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Ultrastructural changes of renal epithelial cells during postmortem autolysis: Experimental work

DOI: 10.2298/mpns1002015z

Keywords: Kidney Tubules , Proximal , Epithelial Cells + ultrastructure , Autolysis , Forensic Medicine , Postmortem Changes , Time Factors , Temperature , Animals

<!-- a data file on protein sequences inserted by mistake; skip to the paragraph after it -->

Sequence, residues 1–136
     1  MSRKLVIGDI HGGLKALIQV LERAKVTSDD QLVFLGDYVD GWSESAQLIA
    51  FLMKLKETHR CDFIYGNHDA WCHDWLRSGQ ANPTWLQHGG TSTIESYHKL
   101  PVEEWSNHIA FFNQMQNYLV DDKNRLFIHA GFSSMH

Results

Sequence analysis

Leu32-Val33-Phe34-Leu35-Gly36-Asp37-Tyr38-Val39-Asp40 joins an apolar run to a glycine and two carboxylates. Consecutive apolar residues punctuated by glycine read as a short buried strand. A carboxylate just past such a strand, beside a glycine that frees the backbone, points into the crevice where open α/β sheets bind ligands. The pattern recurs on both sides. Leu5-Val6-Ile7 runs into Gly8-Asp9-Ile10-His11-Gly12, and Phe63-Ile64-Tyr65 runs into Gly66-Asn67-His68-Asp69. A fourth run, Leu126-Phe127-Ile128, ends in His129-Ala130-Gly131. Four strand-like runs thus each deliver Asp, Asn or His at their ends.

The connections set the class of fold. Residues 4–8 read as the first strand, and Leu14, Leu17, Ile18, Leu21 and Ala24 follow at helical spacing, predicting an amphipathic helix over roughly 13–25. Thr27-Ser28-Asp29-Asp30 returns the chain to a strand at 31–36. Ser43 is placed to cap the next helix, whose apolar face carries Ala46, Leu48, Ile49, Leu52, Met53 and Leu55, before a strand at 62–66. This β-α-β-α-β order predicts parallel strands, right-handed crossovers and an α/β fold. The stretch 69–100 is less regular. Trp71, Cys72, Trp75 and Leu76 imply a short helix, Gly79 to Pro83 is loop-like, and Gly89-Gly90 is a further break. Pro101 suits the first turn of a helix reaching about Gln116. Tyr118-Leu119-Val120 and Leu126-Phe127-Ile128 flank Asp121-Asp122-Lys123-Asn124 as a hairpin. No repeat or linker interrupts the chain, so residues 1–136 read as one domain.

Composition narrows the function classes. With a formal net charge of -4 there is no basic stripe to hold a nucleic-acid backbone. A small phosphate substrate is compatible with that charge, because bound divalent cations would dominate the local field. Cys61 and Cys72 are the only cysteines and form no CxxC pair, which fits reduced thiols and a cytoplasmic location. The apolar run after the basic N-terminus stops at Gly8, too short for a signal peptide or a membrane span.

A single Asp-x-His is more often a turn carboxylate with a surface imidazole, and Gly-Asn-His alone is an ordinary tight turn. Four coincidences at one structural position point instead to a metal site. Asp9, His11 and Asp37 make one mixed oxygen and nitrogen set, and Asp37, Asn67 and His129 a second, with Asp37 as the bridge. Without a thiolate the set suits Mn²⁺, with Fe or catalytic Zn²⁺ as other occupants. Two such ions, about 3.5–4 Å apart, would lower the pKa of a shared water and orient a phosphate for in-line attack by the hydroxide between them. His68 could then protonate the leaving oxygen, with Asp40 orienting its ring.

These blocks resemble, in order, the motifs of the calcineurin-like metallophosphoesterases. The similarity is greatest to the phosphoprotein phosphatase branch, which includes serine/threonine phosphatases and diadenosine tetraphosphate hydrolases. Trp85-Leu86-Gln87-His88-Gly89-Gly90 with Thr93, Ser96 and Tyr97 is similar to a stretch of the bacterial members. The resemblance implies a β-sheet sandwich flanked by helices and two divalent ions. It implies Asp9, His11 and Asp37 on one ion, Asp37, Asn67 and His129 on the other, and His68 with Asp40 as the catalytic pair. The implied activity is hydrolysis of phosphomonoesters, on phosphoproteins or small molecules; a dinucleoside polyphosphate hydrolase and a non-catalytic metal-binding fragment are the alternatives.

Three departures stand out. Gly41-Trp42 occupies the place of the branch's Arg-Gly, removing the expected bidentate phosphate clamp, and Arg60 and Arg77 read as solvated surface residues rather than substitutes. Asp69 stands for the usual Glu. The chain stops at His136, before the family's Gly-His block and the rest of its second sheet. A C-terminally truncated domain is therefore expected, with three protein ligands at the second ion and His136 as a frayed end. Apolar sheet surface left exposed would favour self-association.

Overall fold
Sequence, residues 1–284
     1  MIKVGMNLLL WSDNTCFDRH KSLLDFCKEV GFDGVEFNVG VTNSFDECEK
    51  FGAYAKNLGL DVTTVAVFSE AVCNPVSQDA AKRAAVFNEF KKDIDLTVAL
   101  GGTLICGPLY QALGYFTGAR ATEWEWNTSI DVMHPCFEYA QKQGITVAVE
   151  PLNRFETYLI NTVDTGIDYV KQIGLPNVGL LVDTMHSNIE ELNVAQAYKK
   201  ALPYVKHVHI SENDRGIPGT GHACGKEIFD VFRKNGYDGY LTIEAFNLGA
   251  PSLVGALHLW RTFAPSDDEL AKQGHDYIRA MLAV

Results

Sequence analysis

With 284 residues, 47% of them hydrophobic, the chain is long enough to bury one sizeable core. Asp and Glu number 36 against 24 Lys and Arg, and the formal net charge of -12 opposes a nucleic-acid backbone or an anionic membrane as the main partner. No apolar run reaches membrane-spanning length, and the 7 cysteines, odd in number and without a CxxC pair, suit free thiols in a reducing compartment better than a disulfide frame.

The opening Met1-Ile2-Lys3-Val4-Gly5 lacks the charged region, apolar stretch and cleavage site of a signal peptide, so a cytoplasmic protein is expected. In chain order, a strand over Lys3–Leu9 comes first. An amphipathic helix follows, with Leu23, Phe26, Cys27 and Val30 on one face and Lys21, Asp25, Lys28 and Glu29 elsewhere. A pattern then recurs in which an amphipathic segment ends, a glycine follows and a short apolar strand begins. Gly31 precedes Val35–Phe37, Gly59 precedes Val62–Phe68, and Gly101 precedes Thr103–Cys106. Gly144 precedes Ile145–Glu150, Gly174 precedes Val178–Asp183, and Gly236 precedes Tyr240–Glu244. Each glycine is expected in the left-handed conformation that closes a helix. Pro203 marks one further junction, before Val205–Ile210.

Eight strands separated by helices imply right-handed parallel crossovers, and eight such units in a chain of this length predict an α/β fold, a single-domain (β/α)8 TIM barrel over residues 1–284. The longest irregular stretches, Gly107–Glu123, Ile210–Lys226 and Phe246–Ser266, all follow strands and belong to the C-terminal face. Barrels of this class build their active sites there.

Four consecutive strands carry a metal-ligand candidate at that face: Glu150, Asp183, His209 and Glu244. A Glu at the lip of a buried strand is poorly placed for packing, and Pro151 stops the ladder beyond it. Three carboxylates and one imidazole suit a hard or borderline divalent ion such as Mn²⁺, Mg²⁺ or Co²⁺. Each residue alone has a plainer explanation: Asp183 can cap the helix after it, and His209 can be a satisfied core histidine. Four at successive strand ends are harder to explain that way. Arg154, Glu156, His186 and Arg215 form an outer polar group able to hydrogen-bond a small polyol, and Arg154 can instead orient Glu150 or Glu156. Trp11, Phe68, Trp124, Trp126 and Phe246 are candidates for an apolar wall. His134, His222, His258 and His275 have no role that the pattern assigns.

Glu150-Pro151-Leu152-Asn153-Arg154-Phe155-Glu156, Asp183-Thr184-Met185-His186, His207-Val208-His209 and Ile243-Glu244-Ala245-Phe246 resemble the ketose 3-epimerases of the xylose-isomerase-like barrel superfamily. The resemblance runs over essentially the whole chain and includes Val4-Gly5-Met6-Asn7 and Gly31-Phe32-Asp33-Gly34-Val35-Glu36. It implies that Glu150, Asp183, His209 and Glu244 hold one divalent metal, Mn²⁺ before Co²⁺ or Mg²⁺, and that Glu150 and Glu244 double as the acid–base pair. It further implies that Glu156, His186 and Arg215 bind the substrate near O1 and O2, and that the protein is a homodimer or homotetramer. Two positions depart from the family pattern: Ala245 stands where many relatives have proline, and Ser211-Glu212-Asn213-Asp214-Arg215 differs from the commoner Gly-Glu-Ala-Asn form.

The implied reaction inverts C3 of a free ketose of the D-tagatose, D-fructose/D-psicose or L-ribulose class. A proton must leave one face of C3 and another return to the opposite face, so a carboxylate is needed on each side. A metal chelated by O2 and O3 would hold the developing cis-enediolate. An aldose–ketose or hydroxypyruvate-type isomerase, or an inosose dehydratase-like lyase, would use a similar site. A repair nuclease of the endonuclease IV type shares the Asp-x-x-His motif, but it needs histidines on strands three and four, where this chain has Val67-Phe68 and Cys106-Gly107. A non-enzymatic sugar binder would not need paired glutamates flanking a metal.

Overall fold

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Introduction. Determination of schedule and certain predictable regularities of ultrastructural changes of proximal tubules epithet of kidney during post mortal interval would be very useful in forensic medicine when it is needed to determine the exact time of death. Material and methods. In this research there were 52 experimental animals, laboratory rats 'Wistar' type, which had been killed by choking. Four animals were selected to be a control group right after death, and 48 rats were divided into three equal groups: The rats were then fended on different temperatures: 8-10°C, 18-20°C, 28-30°C, respectively. In each and every group the rats were divided into four groups based on time interval after death: I, 2, 4 and 6 hours. There were four rats in each of those four subgroups. Preparations were analyzed and photographed using transmission electronic microscope. Results. It was found that pace of ultrastructure changes of proximal tubules epitel the cells of kidney was directly dependable on the duration of autolysis and temperatures that the body was stored at. First changes on nucleus, which are separation of external and internal membranes, occurred during the fourth hour of autolysis. Decomposition of external membrane occurred also during fourth hour on temperatures of 8-10°C and 18-20°C. When the body was stored at 30°C lysised decomposition of both membranes of nucleus and loss of natural nucleus shape were noticeable even during the first hour of autolysis. During the sixth hour nucleus membranes were almost lysised around the perimeter and that led to 'leaking' of chromatin in sarkoplasm. Mitochondria kept their normal shape six hours after death when the body was stored on 8-10°C and 18-20°C, and lysis and fragmentation of cristae were noticeable from the first hour of autolysis. Mitochondria lost their natural shape and inner composition during the first hour when the body was stored at 30°C. So, after the fourth hour only balloon like and light-ened remaining of mitochondria and fragmented pieces of their cristae were noticeable. Conclusion. All of the predictable changes found in morphological changes on subcell level of kidney tissue can be useful to determine very precisely the time of death. They can be also used to determine vital value of tissue and organs.


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